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Cite as 23 I&N Dec. 645 (BIA 2003)
In re Miguel GADDA, Attorney
Decided as amended on September 25, 2003
Decided September 25, 2003
U.S. Department of Justice
Executive Office for Immigration Review
Board of Immigration Appeals
(1) An attorney who practices immigration law in proceedings before the Board of Immigration Appeals, the Immigration Courts, and the Department of Homeland Security must be a member in good standing of a State bar and is therefore subject to discipline by State bar authorities.
(2) The Board of Immigration Appeals has authority to increase the level of disciplinary sanction initially imposed by an adjudicating official against an attorney.
(3) Where the respondent was disbarred by the Supreme Court of California based on his egregious and repeated acts of professional misconduct over a number of years, expulsion from practice before the Board of Immigration Appeals, the Immigration Courts, and the Department of Homeland Security is an appropriate sanction.
FOR EXECUTIVE OFFICE FOR IMMIGRATION REVIEW, OFFICE OF GENERAL COUNSEL: Jennifer J. Barnes, Esquire, Falls Church, Virginia
FOR THE DEPARTMENT OF HOMELAND SECURITY:
Javier Balasquide, Appellate Counsel
BEFORE: Board Panel: HOLMES, Acting Vice Chairman; HURWITZ and OSUNA, Board Members.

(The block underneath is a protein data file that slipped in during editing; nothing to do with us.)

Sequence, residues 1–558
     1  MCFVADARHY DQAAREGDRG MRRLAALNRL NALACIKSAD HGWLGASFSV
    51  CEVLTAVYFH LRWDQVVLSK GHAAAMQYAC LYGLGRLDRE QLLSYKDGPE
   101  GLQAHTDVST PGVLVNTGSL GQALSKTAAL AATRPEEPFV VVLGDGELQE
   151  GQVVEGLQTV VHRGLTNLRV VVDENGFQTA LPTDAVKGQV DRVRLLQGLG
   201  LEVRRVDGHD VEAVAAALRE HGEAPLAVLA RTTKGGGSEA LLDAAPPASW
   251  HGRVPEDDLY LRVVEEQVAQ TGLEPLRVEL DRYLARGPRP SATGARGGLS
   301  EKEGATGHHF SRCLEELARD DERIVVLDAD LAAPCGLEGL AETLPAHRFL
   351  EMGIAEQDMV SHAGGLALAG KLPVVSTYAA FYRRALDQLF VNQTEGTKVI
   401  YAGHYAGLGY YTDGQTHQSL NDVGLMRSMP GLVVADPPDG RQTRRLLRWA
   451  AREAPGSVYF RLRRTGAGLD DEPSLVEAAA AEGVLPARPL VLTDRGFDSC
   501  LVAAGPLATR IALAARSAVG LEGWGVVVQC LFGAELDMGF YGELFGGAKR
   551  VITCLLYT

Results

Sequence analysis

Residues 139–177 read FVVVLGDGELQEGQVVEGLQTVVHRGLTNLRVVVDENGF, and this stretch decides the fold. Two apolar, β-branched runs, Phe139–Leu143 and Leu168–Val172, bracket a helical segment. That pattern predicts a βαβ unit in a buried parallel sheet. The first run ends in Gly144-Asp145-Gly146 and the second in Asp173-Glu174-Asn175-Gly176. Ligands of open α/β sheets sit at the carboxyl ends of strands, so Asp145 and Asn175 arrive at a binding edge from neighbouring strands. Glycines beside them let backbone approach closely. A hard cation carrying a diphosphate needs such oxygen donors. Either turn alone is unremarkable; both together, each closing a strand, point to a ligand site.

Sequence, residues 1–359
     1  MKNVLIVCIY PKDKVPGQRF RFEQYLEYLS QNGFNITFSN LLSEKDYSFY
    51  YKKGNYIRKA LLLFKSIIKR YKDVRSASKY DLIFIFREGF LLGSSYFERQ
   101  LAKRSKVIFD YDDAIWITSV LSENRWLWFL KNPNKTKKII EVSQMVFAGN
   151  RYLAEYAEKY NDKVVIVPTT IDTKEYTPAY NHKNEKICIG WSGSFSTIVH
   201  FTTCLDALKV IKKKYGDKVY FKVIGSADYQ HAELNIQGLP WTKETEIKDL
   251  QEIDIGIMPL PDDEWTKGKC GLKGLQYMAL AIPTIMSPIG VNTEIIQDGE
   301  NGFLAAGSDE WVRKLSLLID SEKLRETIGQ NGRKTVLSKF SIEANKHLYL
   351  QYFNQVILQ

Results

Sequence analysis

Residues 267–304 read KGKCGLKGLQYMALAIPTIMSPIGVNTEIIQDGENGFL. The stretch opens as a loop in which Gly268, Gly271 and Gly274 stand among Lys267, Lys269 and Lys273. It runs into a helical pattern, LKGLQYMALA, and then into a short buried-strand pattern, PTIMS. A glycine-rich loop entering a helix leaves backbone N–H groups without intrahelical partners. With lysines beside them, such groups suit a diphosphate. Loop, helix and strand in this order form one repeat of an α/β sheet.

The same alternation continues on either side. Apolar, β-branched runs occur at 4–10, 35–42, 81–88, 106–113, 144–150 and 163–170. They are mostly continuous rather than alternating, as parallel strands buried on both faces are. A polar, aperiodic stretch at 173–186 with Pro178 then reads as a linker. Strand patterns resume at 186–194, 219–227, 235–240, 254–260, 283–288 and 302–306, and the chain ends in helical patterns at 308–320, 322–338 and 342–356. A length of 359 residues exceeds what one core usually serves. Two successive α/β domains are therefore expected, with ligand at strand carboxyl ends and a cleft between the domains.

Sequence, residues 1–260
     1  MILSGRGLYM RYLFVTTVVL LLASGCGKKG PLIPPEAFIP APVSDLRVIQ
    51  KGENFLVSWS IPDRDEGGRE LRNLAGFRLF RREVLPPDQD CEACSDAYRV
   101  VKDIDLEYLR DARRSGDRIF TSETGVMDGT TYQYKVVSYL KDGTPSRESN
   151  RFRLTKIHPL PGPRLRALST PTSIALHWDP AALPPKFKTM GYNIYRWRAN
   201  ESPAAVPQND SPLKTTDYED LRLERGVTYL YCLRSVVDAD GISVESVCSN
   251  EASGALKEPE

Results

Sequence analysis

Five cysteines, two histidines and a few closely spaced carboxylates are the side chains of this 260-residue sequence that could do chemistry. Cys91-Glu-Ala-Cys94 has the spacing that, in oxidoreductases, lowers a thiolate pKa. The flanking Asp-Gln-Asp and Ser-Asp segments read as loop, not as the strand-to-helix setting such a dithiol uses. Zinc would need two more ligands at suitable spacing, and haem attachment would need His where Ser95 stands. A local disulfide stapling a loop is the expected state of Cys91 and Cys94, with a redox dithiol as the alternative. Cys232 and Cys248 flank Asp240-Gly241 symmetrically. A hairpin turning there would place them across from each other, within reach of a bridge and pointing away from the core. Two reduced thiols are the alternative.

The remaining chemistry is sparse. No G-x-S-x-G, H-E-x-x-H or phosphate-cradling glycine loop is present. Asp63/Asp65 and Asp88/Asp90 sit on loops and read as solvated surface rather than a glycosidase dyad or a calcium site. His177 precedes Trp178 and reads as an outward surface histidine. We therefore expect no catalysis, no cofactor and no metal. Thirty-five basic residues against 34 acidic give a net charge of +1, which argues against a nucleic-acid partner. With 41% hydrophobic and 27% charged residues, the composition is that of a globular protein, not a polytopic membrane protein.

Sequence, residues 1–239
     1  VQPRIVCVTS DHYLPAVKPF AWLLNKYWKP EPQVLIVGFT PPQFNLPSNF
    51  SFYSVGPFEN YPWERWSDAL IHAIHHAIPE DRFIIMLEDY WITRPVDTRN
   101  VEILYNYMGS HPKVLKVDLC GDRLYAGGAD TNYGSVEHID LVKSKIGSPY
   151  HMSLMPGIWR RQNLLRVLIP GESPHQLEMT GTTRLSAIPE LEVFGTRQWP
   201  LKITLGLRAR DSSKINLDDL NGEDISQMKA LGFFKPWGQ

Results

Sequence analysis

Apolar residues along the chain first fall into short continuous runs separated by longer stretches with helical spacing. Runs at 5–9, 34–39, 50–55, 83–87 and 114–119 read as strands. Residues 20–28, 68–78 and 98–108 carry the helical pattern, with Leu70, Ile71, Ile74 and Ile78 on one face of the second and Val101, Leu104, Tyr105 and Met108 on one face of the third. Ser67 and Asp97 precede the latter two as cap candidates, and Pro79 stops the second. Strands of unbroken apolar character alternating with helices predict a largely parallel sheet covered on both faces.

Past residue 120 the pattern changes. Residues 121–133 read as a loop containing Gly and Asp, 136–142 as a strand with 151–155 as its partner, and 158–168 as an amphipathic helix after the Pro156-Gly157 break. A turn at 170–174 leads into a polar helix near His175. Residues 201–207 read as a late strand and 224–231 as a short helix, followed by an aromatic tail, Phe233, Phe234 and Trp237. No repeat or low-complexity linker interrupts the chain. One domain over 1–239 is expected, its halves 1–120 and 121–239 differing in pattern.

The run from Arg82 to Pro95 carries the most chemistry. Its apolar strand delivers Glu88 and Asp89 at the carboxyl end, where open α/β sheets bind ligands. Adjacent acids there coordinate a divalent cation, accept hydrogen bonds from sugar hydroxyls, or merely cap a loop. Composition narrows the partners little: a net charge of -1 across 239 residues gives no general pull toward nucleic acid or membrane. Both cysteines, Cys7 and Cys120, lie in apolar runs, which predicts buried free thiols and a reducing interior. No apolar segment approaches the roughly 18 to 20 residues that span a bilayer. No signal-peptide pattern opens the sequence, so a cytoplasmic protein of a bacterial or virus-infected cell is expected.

HOLMES, Acting Vice Chairman:
The respondent is subject to a final order of disbarment by the Supreme Court of California and has been removed from the roll of attorneys authorized to practice before the United States District Court for the Northern District of California. For the reasons that follow, the respondent will be expelled from practice before the Board of Immigration Appeals, the Immigration Courts, and the Department of Homeland Security (“DHS”), formerly the Immigration and Naturalization Service.
I. FACTUAL AND PROCEDURAL BACKGROUND
In a decision filed on July 30, 2001, a judge of the California State Bar Court, Hearing Department, recommended that the respondent be disbarred and ordered him placed on involuntary inactive enrollment. According to Judge Eugene E. Brott of the California State Bar Court, the respondent “engaged in a continuous course of conduct which included client abandonment, lack of competence and financial irresponsibility” when representing individuals in immigration cases. Judge Brott noted that “[t]he serious act
s of misconduct” committed by the respondent began in 1994 and continued until 2000. Although finding that the respondent was well liked and courteous to the court and opposing counsel, Judge Brott stated that the respondent “does not fully accept what others have said about the magnitude of the harm he has caused—and the potential for more harm if he continues his same course of conduct.” The judge noted that the respondent had previously been disciplined in 1990 for the same conduct.
See Gadda v. State Bar
, 787 P.2d 95 (Cal. 1990).
As a result of Judge Brott’s recommendation, on September 14, 2001, the Office of General Counsel (“OGC”) for the Executive Office for Immigration Review initiated disciplinary proceedings against the respondent and petitioned for his immediate suspension from practice before the Board of Immigration Appeals and the Immigration Courts. On September 20, 2001, the DHS asked that the respondent be similarly suspended from practice before that agency. On October 2, 2001, we suspended the respondent from practic
ing before the Board, the Immigration Courts, and the DHS, pending final disposition of this proceeding. We declined to reconsider that decision on December 18, 2001, and February 26, 2002.
The OGC filed a Notice of Intent to Discipline pursuant to 8 C.F.R. § 3.105 (2002)